JGIM Special Issue on Improving Access to VA Care
VA has the largest integrated healthcare system in America, serving more than 9 million Veterans across almost 1,300 healthcare facilities. Providing Veterans access to timely, high-quality care has always been a key priority. VA’s Veteran Access Research Consortium (VARC) – one of HSR&D’s COnsortia of REsearch (COREs) – sought input from a network of access researchers, operational leaders, and Veterans to shape research priorities for healthcare access. This supplement built on that work by soliciting submissions aligned with three domains identified as being the highest priority for VA access research: 1) Access measurement, 2) Equity and subpopulations (e.g., racial/ethnic minorities, women, LGBTQ+ Veterans), and 3) Effective interventions to improve access.
Funded by HSR&D, this special issue of the Journal of General Internal Medicine titled “Veterans’ Access to Care” highlights recent advancements in access-related research and illustrates how VA has evolved in its ongoing journey to be a high-reliability organization using a learning healthcare system framework to improve access to care. Articles include, but are not limited to:
- Arredondo et al., discuss their narrative review of the literature to identify and compare current incentives offered by physician shortages in rural settings to better understand how resources are allocated to vulnerable areas.
- Cusick et al., report on a regional initiative to coordinate care for Veterans across two healthcare systems that resulted in more continuity within VA for patients and improved efficiency.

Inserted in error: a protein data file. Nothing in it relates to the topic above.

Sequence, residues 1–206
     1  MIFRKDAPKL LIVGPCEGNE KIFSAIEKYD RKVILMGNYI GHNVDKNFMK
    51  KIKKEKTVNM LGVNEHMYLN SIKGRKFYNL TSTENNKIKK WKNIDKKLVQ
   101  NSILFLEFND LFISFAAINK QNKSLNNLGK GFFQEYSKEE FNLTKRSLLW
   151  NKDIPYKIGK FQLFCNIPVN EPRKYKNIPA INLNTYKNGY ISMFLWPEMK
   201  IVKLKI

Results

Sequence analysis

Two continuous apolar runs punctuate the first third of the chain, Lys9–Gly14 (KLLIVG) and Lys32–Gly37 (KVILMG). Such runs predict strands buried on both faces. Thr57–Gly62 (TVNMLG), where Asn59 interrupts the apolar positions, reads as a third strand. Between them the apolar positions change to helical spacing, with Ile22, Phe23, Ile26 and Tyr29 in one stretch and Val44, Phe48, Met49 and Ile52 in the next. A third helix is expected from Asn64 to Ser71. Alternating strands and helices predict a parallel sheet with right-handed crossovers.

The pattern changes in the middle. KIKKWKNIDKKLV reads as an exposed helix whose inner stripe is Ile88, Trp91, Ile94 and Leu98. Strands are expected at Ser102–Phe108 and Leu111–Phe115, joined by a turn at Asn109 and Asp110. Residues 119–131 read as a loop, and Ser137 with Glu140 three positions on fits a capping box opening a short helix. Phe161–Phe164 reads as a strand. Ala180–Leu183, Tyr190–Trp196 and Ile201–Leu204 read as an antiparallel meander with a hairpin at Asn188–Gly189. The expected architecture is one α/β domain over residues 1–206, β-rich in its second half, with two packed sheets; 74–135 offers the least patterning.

- Dodge et al., highlight the paramount importance of partnerships between researchers and operational offices to ensure that effective access-related interventions are implemented into routine practice
- Kalofonos et al., describe lessons learned from a sanctioned encampment to provide housing and healthcare to Veterans experiencing homelessness during the pandemic at the Greater Los Angeles VA, an innovative and proactive approach to one of society’s biggest challenges.
- Mahorter et al., discuss access to long-acting reversible contraception (LARC), examining variations in rates of LARC by rurality and facility type.
- Patzel et al., report on the challenges of non-VA primary care providers who care for Veterans and address three determinants of access: provider, health system, and community perspectives.
- Possemato et al., describe a randomized controlled trial of a “PTSD Coach” mobile app that resulted in improved access and quality, outcomes, and satisfaction for Veterans with PTSD.
For decades VA has invested in strengthening its capacities as a learning healthcare system. Partnerships between clinicians, leadership, researchers, Veterans, and national program offices support meaningful improvements in access to quality care for all Veterans. By continuing on this path, with increasing transparency in how access to care for Veterans is measured, reported, and improved, VA has the potential to serve as the standard by which other healthcare systems are compared.
Funded by HSR&D and edited by Peter Kaboli, MD and Stephanie Shimada, PhD, co-PIs of VARC, along with Gemmae Fix, PhD, and Renuka Tipirneni, PhD, this special issue of JGIM is a testament to VA’s ongoing dedication to a continuously learning health system.
Journal of General Internal Medicine. Veterans’ Access to Care. Special issue includes 19 articles. July 2023;(38)3.